The timing of the Vermont House decision to pass a bill that would make marijuana legal for adults was just a little awkward.
Just before the bill was voted on last week, U.S. Attorney General Jeff Sessions publicly rescinded the Cole Memorandum, a set of guidelines put forth by the Department of Justice in 2013. They instructed federal prosecutors in states that legalized marijuana not to focus federal resources on people complying with their state laws.
That was reason enough to put off a vote in the Vermont House, some argued, but in the end it passed by a tally of 81-63. Following Wednesday’s passage in the Senate, the bill heads to Gov. Phil Scott who is expected to sign it into law.
The bill would eliminate the civil penalty for possession of up to one ounce of marijuana, two mature plants or four immature plants starting in July.
A task force appointed by Scott will issue a report by Dec, 15, on how to tax and regulate marijuana sales and commercial cultivation. The bill would make Vermont the ninth state to legalize marijuana for adults, and the first to legalize it through legislation.
“ This is a big part of what we’ve been asking for for a long time,” said Matt Simon, New England political director of the Marijuana Policy Project. “It’s best for it to have a regulated market.”
For Shayne Lynn, executive director of the Champlain Valley Dispensary, legalization is a natural step for the Green Mountain State.
“Vermont’s moving forward with what has been talked about for years,” he said. “I believe that this is one more step toward the tax-and-regulate program.”
Lynn added, “The prohibition on cannabis over the decades hasn’t worked, and the Department of Justice has plenty of other safety concerns and issues. There are more prevalent drugs in our society. These are steps toward that prohibition model being changed. “
Vermont was the second state to pass the Medical Cannabis Law legislatively in 2004 when Gov. Jim Douglas allowed the bill to become law without his signature.
“At first it was very limited to patients with multiple sclerosis, cancer and AIDS, and it’s still highly controversial,” Simon said. “In 2011, dispensaries occurred and decriminalization happened in 2013. This new bill establishes a possession limit.”
According to Americans for Safe Access, residents of Vermont are eligible for medical marijuana if they are diagnosed with cancer, HIV/AIDS, multiple sclerosis, glaucoma, any chronic or debilitating disease that produces cachexia or wasting syndrome, chronic pain, severe nausea or seizures.
Regulation is the way to create a legal market, Simon said.
“Marijuana is a tens of billions of dollars source of economic activity,” he said. “Billions of dollars have been shifted from drug cartels into a legal marketplace with legalization and decriminalization. If it’s not regulated, it’s going to continue to be handled completely by criminals. Nobody thinks cartels are bringing marijuana into Colorado and Washington.”
Lynn said it was “unfortunate” that Sessions rescinded the federal guidelines covering states where marijuana had been legalized.
“We saw the Cole Memorandum as clear guidelines in terms of how we’re supposed to operate,” he said. “We’ll continue to do that, and remain compliant with state laws. Fingers are crossed that nothing changes.”
Retail marijuana stores have a lot of questions right now, Simon said, and they will seek assurances that they won’t be undermined. But the Vermont Legislature has made its decision clear despite the U.S. attorney general’s statement, he said.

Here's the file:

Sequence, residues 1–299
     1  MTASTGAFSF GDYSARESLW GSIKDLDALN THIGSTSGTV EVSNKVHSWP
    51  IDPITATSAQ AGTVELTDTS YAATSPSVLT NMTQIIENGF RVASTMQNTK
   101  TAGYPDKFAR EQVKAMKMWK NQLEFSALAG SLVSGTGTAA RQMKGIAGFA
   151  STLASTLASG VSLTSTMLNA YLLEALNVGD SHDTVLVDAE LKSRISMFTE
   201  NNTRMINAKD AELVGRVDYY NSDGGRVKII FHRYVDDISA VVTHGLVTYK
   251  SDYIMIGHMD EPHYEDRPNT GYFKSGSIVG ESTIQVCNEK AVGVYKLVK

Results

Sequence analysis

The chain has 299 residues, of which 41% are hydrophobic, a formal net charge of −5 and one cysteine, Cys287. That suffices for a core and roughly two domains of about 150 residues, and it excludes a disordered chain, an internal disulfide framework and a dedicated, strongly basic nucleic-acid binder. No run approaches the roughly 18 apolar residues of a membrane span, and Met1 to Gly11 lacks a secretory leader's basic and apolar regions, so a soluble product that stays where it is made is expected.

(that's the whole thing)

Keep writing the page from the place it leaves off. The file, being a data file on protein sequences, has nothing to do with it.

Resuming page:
“ I don’t think that announcement affected the state decision at all,” Simon said. “They’re just not letting the federal government dictate a failed policy to them. Policy makers in Montpelier understand that the failed policy at the federal level is not an excuse to continue (that policy) at the state level.”
It’s understandable if dispensaries are remaining cautious, Simon said.
“They’re focused on trying to serve their customers, which are seriously ill patients who need cannabis,” he said. “Having a low profile makes sense. They’ve been very welcoming to lawmakers and anyone who wants to learn more about the business.”
Grassroots Vermont of Brandon and Vermont Patients Alliance of Montpelier, two more medical marijuana dispensaries, were unavailable for comment.
Kraig LaPorte, spokesman for Vermont U. S. Attorney Christina E. Nolan, said she is focusing on other issues.
“U.S. Attorney Nolan is continuing to focus on the heroin issue in Vermont, drug trafficking, violence associated with drug trafficking and gun violence,” he said. “That remains her focus. I can only outline her initiative, I can’t speak for her.”
Asked whether Sessions’ announcement rescinding the Cole Memorandum would affect prosecution in Vermont, LaPorte declined to comment.
Attempts to reach Vermont Attorney General T.J. Donovan for comment were unsuccessful.
Simon said getting involved in the discussion is the only constructive way for residents to react.
“We’ve heard an outpouring of support from voters and representatives in Congress,” Simon said. “Most of the Vermonters I’ve talked to think it should happen a long time ago. If you care about the impacts, either negative or positive, be a part of the conversation. Don’t try to delay it.”
A statewide survey of 755 registered voters conducted by Public Policy Polling last March revealed 57 percent of Vermont voters support allowing adults 21 and older to possess and grow limited amounts of marijuana. The survey found 39 percent of voters are opposed.
An October 2017, a Gallup poll found 64 percent of Americans support making marijuana legal.
According to the State of Vermont Marijuana Registry, 4,438 patients were registered as medical marijuana recipients last June.